Skip to comments.Insects Are Disappearing From UK Farms. Why, and What Can Be Done?
Posted on 09/14/2023 1:04:49 PM PDT by nickcarraway
Insects are disappearing from UK farms. Why, and what can be done? Michael Garratt, Simon Potts, Tom Breeze | September 12, 2023 Print Friendly, PDF & Email nature bees beekeeper honey Credit: Wallpaper Flare (Public Domain) Insect populations are declining worldwide at a rate of almost 1% per year. This decline is alarming. Insects play a crucial role in pollinating crops, controlling crop pests and maintaining soil fertility. In the UK alone, pollination provided by bees and other insects adds over £600 million to crop production every year. That’s about 10% of the country’s total annual crop value.
Through pollination, insects also make sure that fruit and vegetables are packed full of the vitamins and minerals needed for healthy human diets. Insufficient pollination would result in lower-quality foods, less choice and higher food prices.
The decline of pollinating insects is already affecting crop yields in the UK. Research on 20 UK apple orchards found that a lack of pollination led to average yield deficits (where the maximum potential output of these orchards was not reached) of up to 22%.
The issue extends beyond the UK’s borders. The UK imports a substantial proportion of fresh produce from regions such as Europe, north Africa, South America and Asia. So the global decline of pollinating insects also poses a huge threat to food security in the UK.
Just like fertiliser and water, these insects should be considered a legitimate agricultural input that needs to be protected and managed sustainably. There are effective methods available to restore beneficial insects to farmland, such as planting hedgerows and using pesticides sparingly, and farming practices are gradually changing. However, the implementation of these methods in the UK falls short of what is required to ensure the country’s food and nutritional security.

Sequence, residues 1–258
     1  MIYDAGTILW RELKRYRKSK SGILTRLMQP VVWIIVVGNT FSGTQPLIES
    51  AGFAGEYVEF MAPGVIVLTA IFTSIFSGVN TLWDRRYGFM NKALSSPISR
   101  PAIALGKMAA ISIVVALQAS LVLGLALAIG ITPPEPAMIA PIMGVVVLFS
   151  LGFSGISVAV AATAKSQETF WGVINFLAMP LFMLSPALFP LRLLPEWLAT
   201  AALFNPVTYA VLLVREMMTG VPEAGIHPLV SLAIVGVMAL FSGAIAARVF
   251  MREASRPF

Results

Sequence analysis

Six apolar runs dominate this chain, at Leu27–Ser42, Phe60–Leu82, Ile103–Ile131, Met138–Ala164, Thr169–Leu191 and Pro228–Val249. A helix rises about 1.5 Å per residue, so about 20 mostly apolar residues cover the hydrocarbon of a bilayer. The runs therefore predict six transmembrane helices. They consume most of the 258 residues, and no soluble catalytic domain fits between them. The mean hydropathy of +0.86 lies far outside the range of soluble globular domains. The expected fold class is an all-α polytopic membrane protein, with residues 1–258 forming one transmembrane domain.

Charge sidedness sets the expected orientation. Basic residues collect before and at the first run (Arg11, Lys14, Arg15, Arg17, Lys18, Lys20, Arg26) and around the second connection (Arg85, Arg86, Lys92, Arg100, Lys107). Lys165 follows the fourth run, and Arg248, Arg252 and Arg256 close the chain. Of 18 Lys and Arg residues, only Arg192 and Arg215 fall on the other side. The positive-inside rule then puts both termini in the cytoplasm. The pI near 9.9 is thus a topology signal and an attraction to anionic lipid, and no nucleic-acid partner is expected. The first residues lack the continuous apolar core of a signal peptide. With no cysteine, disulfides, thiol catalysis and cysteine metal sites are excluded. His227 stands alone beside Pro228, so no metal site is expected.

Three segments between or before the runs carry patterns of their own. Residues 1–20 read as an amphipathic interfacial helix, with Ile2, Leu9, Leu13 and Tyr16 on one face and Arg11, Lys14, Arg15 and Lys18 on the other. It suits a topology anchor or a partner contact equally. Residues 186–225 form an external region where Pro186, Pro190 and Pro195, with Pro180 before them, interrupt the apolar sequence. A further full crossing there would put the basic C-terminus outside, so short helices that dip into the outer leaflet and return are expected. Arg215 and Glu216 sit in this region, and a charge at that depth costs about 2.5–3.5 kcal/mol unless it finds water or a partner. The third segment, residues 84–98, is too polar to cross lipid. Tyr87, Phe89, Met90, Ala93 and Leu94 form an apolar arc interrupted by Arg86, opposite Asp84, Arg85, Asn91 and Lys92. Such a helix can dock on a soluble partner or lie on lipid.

Follow the latest news and policy debates on sustainable agriculture, biomedicine, and other ‘disruptive’ innovations. Subscribe to our newsletter. SIGN UP Pollinators are under siege The main threats to pollinators globally are changes in what land is used for and how it is managed. As a result of the shift to modern industrialised farming, flower meadows and hedgerows have been replaced by monocultures and increasingly large fields. Consequently, the diversity of food sources available to pollinators has decreased and farmed landscapes have generally become less hospitable habitats for insects.
The excessive use of chemical pesticides and the impacts of climate change have made matters even worse. Rising temperatures are creating a mismatch between crop flowering times and when pollinators emerge. Bumblebees, for example, which are vital pollinators for crops both in the UK and globally, are struggling to shift their range in response to Europe’s warming climate.
Credit: Kenneth Allen/Geograph.ie (CC BY-SA 2.0) Together, these factors are driving losses in the abundance and diversity of pollinator species. Modelling studies have revealed around a 25% drop in the number of bee and hoverfly species observed within any 10km area of the UK compared to the 1980s.
And yet, the UK’s reliance on pollinating insects is likely to increase in the future.
Factors including climate change, technological advancements, shifting market demands and policies promoting sustainable food security mean new and underutilised crops such as soy, sunflowers and apricots are likely to be grown in the UK within the coming decades. Many of these crops benefit from insect pollination.
Restoring insects to farms Thankfully, there has been a notable shift in farming practices in recent decades towards reducing fertiliser, herbicide and pesticide use and restoring insect habitats. One approach is integrated pest management. This is a strategy for sustainable crop pest control that is based on using pesticides only when they are absolutely necessary.